Enfield carbine. General John Hunt Morgan and his men carried them on his famous Raid, part of which passed through the land of my nativity. They were carried because they could be fed with commonly available powder and caps, and if no Minie balls were ready, they could be stoked like shotguns. My choice, because it was their choice.
  29. 1 point
    I have a 5th model Burnside carbine. It's my favorite CW carbine for several reasons: 1- it's the only one I own . 2- the ammunition design is extremely interesting. 3- My great-great grandfather was a cavalry troop with Company A, 2nd Illinois Cavalry Regiment and was assigned a Burnside. It wasn't the 5th model, but it was a Burnside nonetheless.
  30. 1 point
  31. 1 point
    I use 200gr bullets powered with 5 gr. of Red Dot. Always use mag cases, never even had any specials. Marlin 94 stainless. Blackfoot
  32. 1 point
    It is a hoax and originally created as a joke. Soda Pop Board of America this explains it all.
  33. 1 point
    Not "SASS-legal" for use as either. Four strikes against it for shotgun: 1) Not "pre-1900" design 2) Muzzle-loader 3) Barrel length <18" 4) Pistol grip Not a REVOLVER. ...but y'all KNOW that, right?
  34. 1 point
    Brilliant article. But where are the protests for Hans’ comrades who were brutally gunned down by McClane while they were, mostly, peacefully occupying the building to protest the actions of the evil multinational corporation? Some of them were even persons of color and thus clearly specially marked for death by the police. Yes, these protests make about as much sense as most such events now a days. Seamus
  35. 1 point
    Well, that explains some things.
  36. 1 point
    I'm glad your post explains that, because I was looking at the title trying to figure out what the hell a country western carbine was.
  37. 1 point
    JEB, I immediately replied to your PM a couple days ago but haven't heard back from you. Hope you are doing well. ..........Widder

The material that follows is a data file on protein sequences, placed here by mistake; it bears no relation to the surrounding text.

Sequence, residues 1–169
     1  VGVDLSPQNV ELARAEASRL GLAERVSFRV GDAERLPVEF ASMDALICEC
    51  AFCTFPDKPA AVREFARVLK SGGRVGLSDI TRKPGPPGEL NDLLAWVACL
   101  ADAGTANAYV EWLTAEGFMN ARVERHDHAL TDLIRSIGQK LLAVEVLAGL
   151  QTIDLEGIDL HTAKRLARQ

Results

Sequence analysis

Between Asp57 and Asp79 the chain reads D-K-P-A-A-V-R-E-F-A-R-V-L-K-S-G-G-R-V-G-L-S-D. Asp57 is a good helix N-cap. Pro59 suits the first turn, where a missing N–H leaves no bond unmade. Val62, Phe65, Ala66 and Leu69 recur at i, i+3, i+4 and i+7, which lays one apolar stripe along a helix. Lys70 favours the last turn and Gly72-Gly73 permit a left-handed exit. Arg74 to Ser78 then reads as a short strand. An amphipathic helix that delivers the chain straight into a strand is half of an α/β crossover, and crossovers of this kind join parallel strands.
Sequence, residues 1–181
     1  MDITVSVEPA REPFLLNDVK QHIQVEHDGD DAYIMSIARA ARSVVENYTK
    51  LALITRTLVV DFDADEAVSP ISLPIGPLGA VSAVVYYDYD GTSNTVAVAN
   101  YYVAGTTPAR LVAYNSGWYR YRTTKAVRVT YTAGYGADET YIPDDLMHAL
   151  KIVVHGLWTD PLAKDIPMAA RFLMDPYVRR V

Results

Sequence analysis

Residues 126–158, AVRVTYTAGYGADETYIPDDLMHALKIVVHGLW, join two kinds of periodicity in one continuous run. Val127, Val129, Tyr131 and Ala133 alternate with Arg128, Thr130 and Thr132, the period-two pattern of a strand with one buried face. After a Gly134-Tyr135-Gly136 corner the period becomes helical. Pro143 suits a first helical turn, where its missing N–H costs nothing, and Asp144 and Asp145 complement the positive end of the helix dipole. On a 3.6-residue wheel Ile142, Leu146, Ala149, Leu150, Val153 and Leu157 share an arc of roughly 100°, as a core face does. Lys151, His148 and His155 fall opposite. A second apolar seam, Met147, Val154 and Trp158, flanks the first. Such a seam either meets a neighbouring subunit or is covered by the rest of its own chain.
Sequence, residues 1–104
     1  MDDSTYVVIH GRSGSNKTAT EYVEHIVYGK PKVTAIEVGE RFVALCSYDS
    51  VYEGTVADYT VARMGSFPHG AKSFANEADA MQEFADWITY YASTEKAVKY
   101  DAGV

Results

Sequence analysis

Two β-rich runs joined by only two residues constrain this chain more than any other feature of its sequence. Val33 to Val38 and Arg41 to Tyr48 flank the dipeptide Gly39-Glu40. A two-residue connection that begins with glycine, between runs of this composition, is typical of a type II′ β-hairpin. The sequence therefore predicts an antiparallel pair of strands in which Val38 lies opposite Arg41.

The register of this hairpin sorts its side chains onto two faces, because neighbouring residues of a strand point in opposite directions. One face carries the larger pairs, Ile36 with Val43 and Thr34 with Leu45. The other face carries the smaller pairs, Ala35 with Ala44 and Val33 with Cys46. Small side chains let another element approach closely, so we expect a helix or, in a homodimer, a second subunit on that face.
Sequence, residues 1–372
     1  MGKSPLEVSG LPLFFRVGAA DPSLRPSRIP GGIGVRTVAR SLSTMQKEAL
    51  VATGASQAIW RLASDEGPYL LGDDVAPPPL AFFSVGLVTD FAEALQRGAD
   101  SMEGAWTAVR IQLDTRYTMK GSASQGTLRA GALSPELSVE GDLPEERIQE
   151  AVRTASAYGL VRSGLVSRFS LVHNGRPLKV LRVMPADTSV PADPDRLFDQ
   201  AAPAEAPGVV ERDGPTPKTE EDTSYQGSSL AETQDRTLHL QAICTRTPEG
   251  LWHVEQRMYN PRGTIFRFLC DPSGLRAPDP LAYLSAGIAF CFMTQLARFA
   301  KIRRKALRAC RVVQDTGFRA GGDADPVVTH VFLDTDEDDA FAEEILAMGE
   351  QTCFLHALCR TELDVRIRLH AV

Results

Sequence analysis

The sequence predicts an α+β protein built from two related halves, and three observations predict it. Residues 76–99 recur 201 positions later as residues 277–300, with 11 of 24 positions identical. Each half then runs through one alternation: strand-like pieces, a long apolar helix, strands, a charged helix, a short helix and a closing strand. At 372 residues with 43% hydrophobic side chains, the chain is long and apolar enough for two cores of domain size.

38. 1 point
    And here I was going to guess it might have to do with what he's dottled in that meerschaum of his ...
  39. 1 point
    If you’re not familiar with cutting metals, take your material to a metal fab shop and have them cut it for you! One mistake with a metal cutting saw can be catastrophic! I saw a young man killed when a blade like the one you describe shattered!
  40. 1 point
  41. 1 point
    ............................. catchy tune, but I think I've heard it somewhere before ...
  42. 1 point
  43. 1 point
    And her double is crazy fast! She's my hero. Waimea (Tried a double once. Makes a great tomato stake)
  44. 1 point
    I like a nice "still life." I keep trying to drink tea. I just don't like it anymore. If it is hot, I can get it down with milk/cream/half-and-half. No iced tea with any additives. I used to "subsidize" the coffee group at work by drinking so much. Now, I have one cup a day with Café d' Vita in it.
  45. 1 point
    "Waspers on fence postees, as big as your fistees" my East Tennessee mother said this all the time. I dented my garage door using .45 wax bullets over 209 primers. They shot through 8 layers of cardboard, primers tended to back out and jam the pistol. Imis
  46. 1 point
    "But even a bad cup of coffee is better than no coffee at all." ~David Lynch. I've had plenty of bad coffee, I've had plenty of amazingly good coffee. I will say that no coffee has tasted so good as that perked over a camp stove until black and strong and had while bleary eyed on a cool morning camping with family and friends, unless it is the flavor of hot bitter coffee tinged with the metallic taste of a canteen cup, shared with brothers in arms after stand-to while the fog lifts and the Army slowly rumbles to life. Oh, and Happy Thanksgiving everyone.
  47. 1 point
  48. 1 point
    Side Gate Henry would be a great alias
  49. 1 point
    Sept 23-25. Four days of all included shooting. We would love to have yall
  50. 1 point